Noises of the factories, Gipsy musicians and merchants in the streets of Lodz constituted the first musical memories of Arthur Rubinstein. At the age of 3, the young pianist used to sit under the family piano to attend his older sisters' lessons. He soon developed a perfect pitch and an uncommon sensitivity. His father thought the piano was too popular at the time, so he offered Arthur a violin. Immediately, the young musician smashed the instrument into pieces. He was born a pianist, as he later declared. He demonstrated the same determination and enthusiasm in his manner of interpreting Chopin, which gave back to the composer his heroic dimension, while he was considered a "tubercular composer for swooning ladies" by pianists of the time.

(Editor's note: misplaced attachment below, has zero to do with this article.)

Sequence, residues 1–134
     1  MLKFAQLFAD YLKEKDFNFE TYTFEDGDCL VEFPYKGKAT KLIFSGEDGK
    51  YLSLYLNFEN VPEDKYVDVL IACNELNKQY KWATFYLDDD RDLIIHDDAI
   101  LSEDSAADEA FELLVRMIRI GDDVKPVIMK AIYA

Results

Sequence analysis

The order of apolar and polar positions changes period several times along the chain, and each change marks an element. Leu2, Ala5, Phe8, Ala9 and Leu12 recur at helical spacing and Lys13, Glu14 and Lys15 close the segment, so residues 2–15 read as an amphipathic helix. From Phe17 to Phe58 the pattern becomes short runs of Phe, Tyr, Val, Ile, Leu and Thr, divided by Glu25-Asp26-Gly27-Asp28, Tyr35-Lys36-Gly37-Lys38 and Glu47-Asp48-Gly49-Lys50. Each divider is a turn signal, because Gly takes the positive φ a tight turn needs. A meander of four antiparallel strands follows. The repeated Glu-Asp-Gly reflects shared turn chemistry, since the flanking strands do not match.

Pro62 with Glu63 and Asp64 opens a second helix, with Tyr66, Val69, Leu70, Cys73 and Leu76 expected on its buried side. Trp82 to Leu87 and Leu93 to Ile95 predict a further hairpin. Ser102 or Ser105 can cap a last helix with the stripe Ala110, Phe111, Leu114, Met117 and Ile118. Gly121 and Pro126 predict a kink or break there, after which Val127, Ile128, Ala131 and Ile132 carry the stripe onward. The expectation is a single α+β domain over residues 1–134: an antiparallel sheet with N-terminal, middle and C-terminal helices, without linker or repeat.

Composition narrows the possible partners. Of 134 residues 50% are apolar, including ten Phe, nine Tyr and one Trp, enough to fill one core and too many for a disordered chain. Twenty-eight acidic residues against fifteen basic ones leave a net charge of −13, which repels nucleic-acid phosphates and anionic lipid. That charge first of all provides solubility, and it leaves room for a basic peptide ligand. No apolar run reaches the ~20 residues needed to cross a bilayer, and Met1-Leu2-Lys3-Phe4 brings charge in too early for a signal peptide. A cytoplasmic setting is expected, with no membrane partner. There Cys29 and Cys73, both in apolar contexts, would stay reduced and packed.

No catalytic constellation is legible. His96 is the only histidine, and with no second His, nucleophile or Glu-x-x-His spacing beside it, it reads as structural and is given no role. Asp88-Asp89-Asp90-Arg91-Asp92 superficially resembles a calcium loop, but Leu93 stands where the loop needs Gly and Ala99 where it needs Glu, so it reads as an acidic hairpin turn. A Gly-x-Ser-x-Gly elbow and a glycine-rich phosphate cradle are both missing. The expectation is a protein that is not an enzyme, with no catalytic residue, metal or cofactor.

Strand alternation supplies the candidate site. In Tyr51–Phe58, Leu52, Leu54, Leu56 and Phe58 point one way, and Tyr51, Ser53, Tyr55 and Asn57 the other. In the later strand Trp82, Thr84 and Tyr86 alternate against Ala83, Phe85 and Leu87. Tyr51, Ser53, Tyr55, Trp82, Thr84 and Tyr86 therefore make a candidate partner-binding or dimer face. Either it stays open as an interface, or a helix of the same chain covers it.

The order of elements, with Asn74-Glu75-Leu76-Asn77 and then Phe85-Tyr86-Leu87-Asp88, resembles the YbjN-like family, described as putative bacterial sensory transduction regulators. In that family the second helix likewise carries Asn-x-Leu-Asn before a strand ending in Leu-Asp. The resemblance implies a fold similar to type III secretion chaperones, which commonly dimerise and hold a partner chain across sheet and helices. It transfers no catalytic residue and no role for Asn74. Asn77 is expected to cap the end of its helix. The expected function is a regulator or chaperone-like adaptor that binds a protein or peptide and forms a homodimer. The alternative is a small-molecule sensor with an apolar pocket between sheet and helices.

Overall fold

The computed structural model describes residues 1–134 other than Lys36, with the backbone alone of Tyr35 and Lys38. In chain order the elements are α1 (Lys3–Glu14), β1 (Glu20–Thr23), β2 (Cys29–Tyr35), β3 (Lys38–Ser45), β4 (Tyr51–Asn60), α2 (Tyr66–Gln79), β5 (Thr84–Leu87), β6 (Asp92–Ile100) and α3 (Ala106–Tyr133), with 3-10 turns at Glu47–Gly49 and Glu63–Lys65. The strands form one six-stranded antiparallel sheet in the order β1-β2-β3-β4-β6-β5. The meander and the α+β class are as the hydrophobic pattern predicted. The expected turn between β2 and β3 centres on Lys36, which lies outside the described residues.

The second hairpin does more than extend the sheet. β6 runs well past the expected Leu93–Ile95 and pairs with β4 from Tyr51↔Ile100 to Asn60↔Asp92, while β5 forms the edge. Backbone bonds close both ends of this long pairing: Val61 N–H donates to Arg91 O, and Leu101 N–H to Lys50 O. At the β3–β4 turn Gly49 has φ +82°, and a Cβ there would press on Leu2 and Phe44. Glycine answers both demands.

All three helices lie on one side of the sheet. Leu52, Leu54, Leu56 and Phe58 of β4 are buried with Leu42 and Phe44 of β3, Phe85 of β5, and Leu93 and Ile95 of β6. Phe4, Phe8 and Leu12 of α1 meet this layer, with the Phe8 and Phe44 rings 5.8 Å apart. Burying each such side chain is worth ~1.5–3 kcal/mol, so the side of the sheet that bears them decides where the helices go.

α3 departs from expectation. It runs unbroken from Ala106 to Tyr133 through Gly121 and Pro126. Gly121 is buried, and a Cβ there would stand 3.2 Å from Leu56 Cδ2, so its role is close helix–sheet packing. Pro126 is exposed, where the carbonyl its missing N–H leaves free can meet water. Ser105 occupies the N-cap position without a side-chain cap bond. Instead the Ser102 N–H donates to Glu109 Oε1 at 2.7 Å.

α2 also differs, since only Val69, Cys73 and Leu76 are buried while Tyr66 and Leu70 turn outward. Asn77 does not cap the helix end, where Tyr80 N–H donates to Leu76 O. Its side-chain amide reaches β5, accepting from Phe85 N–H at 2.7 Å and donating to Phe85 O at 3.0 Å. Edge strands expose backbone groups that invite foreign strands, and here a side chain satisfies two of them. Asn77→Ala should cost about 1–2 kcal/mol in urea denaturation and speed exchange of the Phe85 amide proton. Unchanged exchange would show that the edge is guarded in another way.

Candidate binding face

He left Poland when he was 13 to study in Berlin and later in Paris, where he was acclaimed by the audience. He went back to Berlin after his first American tour which was not as successful as he had hoped. He was 19 years-old and had no money. He then tried to kill himself out of despair but immediately "fell in love with life" after this event. A Spanish tour established Rubinstein as a remarkable interpreter of de Falla and Albeniz. He then became a genius, internationally renowned for his talent and for his temper.
With the London Philharmonic Orchestra conducted by Antal Doráti